Sabine Woods sanctuary is 17 miles from the town of Port Arthur. This sanctuary for North American migratory birds is owned by the Texas Ornithological Society and consists of 27 acres of oak woods, grassland, and swamp. There are also some fruit trees which the birds love. After seeing so many cedar waxwings on the mulberry trees I went home and I bought a red mulberry tree. This is another one of the birds sanctuaries where I wished I had more time. There were a few benches, here and there, a bird bath, and some other spots (like the mulberry trees) where I could’ve easily stayed for hours.
Birds found at Sabine Woods: warblers, orioles, tanager, flycatchers, vireos, and migrating songbirds.
You’ll also get to see some armadillo holes! (maybe not too exciting for some people, but armadillos still haven’t made it where I live, so this was an extra point for Sabine Woods from me)
This is one place where you’ll need bug spray and be prepared to walk in the mud as some parts of the paths are in grassland and can get really muddy.
Fee is $8 per day, free for members of the Texas Ornithological Society.
Sea Rim State Park
Sea Rim State park is a wonderful coastal state park managed by Texas Parks & Wildlife. A total of 5.2 miles of Gulf shoreline and over 4,000 acres of marshland makes this park a great place to spot coastal birds of Texas in the gulf coast.
There are many recreation possibilities at Sea Rim State park, like camping, horse riding, fishing, and of course birdwatching. Walk along the Gambusia Nature Trail Boardwalk that takes you along the marsh. At the end of the boardwalk you’ll enter the beach where you can spot shore birds galore.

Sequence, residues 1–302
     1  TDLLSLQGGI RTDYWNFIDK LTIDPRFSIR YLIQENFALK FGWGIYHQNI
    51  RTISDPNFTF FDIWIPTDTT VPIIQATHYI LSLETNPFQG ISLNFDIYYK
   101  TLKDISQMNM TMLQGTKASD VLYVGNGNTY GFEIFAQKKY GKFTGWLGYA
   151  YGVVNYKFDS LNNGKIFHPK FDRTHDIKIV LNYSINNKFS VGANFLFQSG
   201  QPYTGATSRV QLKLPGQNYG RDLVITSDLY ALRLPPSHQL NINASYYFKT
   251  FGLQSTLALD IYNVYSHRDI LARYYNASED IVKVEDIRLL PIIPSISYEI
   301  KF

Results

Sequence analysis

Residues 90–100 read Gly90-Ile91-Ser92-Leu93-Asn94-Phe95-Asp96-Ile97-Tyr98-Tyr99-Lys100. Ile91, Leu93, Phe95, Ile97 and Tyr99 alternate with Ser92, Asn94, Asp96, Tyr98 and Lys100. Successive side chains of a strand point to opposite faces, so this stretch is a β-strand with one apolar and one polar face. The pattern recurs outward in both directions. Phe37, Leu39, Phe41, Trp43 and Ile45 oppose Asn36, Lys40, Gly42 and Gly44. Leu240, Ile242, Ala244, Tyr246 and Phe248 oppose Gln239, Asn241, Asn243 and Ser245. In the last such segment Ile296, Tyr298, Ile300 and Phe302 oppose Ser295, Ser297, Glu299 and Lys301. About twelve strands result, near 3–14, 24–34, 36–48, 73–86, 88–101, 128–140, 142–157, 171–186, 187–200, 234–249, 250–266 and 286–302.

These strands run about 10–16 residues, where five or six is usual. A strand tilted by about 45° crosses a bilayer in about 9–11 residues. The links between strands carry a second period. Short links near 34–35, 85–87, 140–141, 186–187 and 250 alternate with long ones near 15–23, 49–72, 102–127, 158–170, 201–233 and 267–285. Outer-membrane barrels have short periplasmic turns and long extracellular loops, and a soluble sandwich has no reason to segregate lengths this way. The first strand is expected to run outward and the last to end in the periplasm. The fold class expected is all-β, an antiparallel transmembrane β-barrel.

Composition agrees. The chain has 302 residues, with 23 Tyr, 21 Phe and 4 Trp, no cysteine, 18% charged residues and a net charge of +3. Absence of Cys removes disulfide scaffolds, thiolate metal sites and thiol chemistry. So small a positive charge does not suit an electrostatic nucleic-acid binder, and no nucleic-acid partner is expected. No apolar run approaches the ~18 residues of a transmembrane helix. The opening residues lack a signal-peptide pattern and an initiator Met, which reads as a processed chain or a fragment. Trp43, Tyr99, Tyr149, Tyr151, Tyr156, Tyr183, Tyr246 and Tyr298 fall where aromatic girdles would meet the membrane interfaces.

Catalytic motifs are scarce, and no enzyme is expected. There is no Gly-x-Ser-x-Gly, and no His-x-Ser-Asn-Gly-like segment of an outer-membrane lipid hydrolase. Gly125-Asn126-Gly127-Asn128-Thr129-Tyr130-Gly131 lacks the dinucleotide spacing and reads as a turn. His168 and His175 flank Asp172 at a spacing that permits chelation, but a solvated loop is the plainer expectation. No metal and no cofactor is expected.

Apart from spotting Texas shore birds, you can also see alligators at Sea Rim State Park marshes, so be mindful when you walk around the park.
Bolivar Flats Shorebird Sanctuary
Bolivar Flats is located south west of Beaumont, and you can find three different habitats here: mud flats, salt marsh, and beach. This is what makes Bolivar Flats a great place to see Texas shore birds, since different habitats attract different birds in a relatively small area.
It is not an exaggeration to say that hundreds of thousands of birds find their way here every spring. This place is packed! When we visited we saw a group of almost 3,000 American avocets! We also saw Brown pelicans, Piping plovers, Snowy terns, Royal terns, and lots of Sandpipers.
Bolivar Flats Shorebird Sanctuary is an International Site in the Western Hemisphere Shorebird Reserve Network.
Angelina National Forest
A 2 hour drive north from Beaumont, this forest is a great spot to try and catch a glimpse of Pine warblers, the uncommon Bachman’s sparrow, and woodpeckers. Keep an eye out for the endangered Red-cockaded woodpecker (amount of individuals globally are estimated to be between 10,000 and 20,000). The possibility of seeing one is a very good reason to visit Angelina National forest. This beautiful woodpecker is found in mature longleaf pine savannas, so your best bet is to stroll around quietly in the pine forest at Angelina and listen for its call.
If you don’t have time to drive all the way there, Big Thicket National Preserve is a great alternative, only 40 min from Beaumont.
Where to see Hummingbirds in Texas
Texas is a great place to see hummingbirds. Having said that, Texas is a big place, and in the Beaumont area main hummingbird species is the Ruby-throated hummingbird. Still, you have a small chance ( consider yourself super lucky if you do see one!) to spot one of the following: Black-chinned hummingbird, Rufous hummingbird, Calliope hummingbird (rare), Anna’s hummingbird (rare/fall-winter), Broad-billed hummingbird (rare), Broad-billed hummingbird (rare), Buff-bellied hummingbird.